Growing up in the Chicago area I was only vaguely aware that anything existed south of Interstate 80. I did hear rumors of some distant hamlet called Carbondale, which would not be noteworthy (or perhaps even exist) except as the location of Southern Illinois University. With respect to SIU alumni and faculty, some of whom are among my friends, SIU is a party school. Located near nothing, excepting the fireworks-and-Oxycontin vortex point at which Missouri, Kentucky, southern Illinois, Arkansas, and Tennessee converge, SIU is the school that Chicago-area high school students choose when they can't get into University of Illinois, or UIC, or Northern Illinois, or somehow not even Illinois State. While some of its academic programs are actually pretty good, the modal SIU student does not really belong in college and has interests ranging from drinking to getting high to facilitating unplanned pregnancies.

Southern found its way into the national news once per year at Halloween, when the students rioted. Literally rioted. Tore that one-horse town a new asshole. Overturned cars, smashed windows, injured themselves and one another, and set fires. It got to the point at which the school was known for little other than the annual Grain Alcohol Thunderdome. After many years of tolerating the rampage – Party Schools face the Catch-22 of trying to limit delinquent behavior while admitting to themselves that it is part of the attraction for potential students – Carbondale and the university cracked down hard in 2000 after a particularly destructive melee. Bars were closed on Halloween, fraternities were not allowed to host parties, and so on.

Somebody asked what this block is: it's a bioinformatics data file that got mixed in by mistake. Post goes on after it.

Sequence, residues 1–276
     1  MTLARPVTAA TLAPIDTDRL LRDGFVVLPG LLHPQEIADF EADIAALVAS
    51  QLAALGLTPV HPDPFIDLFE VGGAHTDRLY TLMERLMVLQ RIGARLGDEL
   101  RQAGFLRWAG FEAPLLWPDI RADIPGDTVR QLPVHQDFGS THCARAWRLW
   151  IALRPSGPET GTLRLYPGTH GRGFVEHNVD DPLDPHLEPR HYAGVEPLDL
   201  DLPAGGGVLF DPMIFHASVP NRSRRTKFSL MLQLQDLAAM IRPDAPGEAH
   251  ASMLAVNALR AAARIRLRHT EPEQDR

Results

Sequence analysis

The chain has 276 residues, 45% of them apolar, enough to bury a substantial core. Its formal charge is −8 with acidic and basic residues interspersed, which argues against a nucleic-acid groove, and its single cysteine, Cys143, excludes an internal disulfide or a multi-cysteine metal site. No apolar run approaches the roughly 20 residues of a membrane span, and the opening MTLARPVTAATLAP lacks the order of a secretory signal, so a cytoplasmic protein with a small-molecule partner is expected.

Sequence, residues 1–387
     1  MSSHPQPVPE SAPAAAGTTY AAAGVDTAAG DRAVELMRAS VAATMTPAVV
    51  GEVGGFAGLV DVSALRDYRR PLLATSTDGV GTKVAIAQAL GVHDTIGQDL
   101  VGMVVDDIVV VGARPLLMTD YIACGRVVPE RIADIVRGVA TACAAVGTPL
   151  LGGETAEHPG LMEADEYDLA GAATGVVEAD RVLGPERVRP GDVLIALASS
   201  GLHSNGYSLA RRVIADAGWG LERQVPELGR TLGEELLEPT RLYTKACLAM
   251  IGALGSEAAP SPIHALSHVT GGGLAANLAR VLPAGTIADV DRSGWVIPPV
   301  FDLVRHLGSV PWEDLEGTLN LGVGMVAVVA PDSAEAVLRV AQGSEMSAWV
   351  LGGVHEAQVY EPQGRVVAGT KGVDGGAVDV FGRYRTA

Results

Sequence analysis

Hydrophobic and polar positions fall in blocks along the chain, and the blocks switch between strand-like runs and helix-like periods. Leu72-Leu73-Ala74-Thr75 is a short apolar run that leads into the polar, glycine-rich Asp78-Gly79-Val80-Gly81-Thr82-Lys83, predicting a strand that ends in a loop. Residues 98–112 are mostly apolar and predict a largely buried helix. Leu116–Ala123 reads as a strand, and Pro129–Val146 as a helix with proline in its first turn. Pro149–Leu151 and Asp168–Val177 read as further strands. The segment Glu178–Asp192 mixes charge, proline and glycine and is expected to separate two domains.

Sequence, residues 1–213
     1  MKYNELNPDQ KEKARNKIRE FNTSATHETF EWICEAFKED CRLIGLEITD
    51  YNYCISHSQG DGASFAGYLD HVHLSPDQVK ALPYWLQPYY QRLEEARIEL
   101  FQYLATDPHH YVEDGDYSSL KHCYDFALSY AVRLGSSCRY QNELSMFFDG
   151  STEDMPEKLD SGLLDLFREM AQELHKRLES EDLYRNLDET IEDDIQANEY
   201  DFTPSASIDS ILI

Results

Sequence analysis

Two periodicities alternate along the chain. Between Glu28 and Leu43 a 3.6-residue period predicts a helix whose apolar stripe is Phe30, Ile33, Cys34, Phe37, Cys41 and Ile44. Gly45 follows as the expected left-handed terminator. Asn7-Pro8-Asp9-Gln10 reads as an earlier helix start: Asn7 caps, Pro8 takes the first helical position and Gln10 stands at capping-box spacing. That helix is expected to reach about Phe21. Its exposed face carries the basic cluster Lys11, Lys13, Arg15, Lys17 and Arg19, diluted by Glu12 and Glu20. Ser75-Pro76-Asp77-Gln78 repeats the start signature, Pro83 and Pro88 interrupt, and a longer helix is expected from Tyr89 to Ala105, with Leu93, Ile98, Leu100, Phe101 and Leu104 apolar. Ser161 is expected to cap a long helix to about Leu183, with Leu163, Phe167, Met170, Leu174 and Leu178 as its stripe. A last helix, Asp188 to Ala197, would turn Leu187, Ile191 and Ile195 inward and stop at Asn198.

Even young and conformity-prone Ed kind of thought it odd that for so many years it was considered Good Old Fashioned Fun for thousands of mostly white college kids to have a riot. Euphemisms like "party" or "disturbance" were used; the police responded but with remarkably little enthusiasm, content to let the kids go nuts and make a few arrests of kids who crossed the line from Acceptable Crimes (minor property damage, disorderly behavior) to Unacceptable Crimes like assault or use of weapons. The authorities seemed to treat the riot like a regular, predictable weather event – batten down the hatches, board up the windows, and wait for the destruction to run its course. Because what else can you do, right?

It goes without saying that there is a double standard involved in media coverage of and social attitudes toward "urban" riots – the kind that involve poor and dark-skinned people – and the Youthful Shenanigans of white middle class college kids. The former must be repressed with the maximum available force to ensure that the natural order of society is not disturbed and that the poor remain docile, servile, and without illusions about their second-class status. The latter…well, that's just boys being boys. After all, it's important for white college students to get the opportunity to rebel against the social institutions that bend over backwards to coddle and privilege them.
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  • We know the limits of people Like Us — there isn't too much they would do that would harm their sacred selves — but with the unknown (people of color, poverty, hopelessness, whatever) having Nothing Left To Lose makes them an unknown quantity, and therefore frightening. The real story is fear, as always.

  • Related: rich white college kids "experiment" with drugs. University police basically exist just to insulate thesm from the actual criminal justice system.